Acute hepatitis in children: all the available tests at Nefrocenter


Acute hepatitis in children. Here’s the guide to identify the symptoms, tests, and treatments. Acute hepatitis has no link with Covid-19 and the vaccine.

The cases of acute hepatitis in children, that have emerged in Europe in recent months, are causing considerable concern. The 1-5 age group is the most affected by acute hepatitis. Most of the cases have been found in the UK, but early studies have found no link with food or drinks.

Therefore, it may have an infectious nature. It emerged by analyzing the cases. Some of these were caused by contact (like family aggregation).
It’s certain that Covid-19 and vaccines have no connection with the infection.
Furthermore, common hepatotropic viruses (hepatitis A, B, C, D, E) have not been detected in children affected by acute hepatitis.

In Italy, experts have not found any increase in cases compared to the usual numbers. In fact, acute hepatitis has always existed and has always had positive implications for recovery. In rare cases (about 10%), it can degenerate into acute liver failure, which would require a transplant. However, a careful surveillance of the cases is always necessary.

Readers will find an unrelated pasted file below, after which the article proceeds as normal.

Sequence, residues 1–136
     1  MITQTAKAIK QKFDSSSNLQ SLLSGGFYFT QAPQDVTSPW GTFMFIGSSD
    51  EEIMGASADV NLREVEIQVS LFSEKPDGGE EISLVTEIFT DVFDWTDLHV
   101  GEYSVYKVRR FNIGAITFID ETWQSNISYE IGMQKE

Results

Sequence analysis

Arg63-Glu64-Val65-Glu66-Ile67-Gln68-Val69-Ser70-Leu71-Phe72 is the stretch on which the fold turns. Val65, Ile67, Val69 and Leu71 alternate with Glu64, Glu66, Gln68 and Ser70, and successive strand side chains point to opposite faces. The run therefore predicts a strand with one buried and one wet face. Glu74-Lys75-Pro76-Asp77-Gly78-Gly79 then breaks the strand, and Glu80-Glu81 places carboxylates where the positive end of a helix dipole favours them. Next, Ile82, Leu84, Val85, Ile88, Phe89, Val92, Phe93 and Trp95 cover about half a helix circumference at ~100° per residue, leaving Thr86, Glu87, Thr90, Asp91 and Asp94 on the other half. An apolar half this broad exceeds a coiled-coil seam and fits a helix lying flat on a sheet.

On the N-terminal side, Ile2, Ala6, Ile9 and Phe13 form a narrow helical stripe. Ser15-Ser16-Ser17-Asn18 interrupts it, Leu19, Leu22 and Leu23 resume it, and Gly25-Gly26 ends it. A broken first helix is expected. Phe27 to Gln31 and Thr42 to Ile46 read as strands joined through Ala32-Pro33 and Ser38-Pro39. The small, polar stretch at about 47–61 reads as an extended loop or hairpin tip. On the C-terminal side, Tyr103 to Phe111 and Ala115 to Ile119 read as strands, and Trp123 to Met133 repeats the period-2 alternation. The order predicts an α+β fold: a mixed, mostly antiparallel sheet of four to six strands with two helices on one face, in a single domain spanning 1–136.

What’s acute hepatitis

Acute hepatitis is a liver inflammation that manifests itself quite quickly. Symptoms include tiredness, lack of appetite, vomiting and nausea, diarrhea, jaundice, itching and dark urine. In rarer cases, fever can also occur. Currently, no specific causes have ever been identified.

What to do if a child has the symptoms

There are several precautions to take in case of symptoms. First of all, careful hand hygiene is recommended. If the children have symptoms affecting digestion, it’s not recommended to take them to school. If the symptoms are prolonged, the advice is to consult a pediatrician.

The required tests

Laboratory tests are required to detect the presence of hepatotropic viruses. At NefrocenterLab it is possible to undergo all kind of tests, starting from blood tests, followed by a viral screening in conjunction with an ultrasound. If alterations are found, an MRI or a liver biopsy can be performed, depending on the need for diagnostic confirmation.

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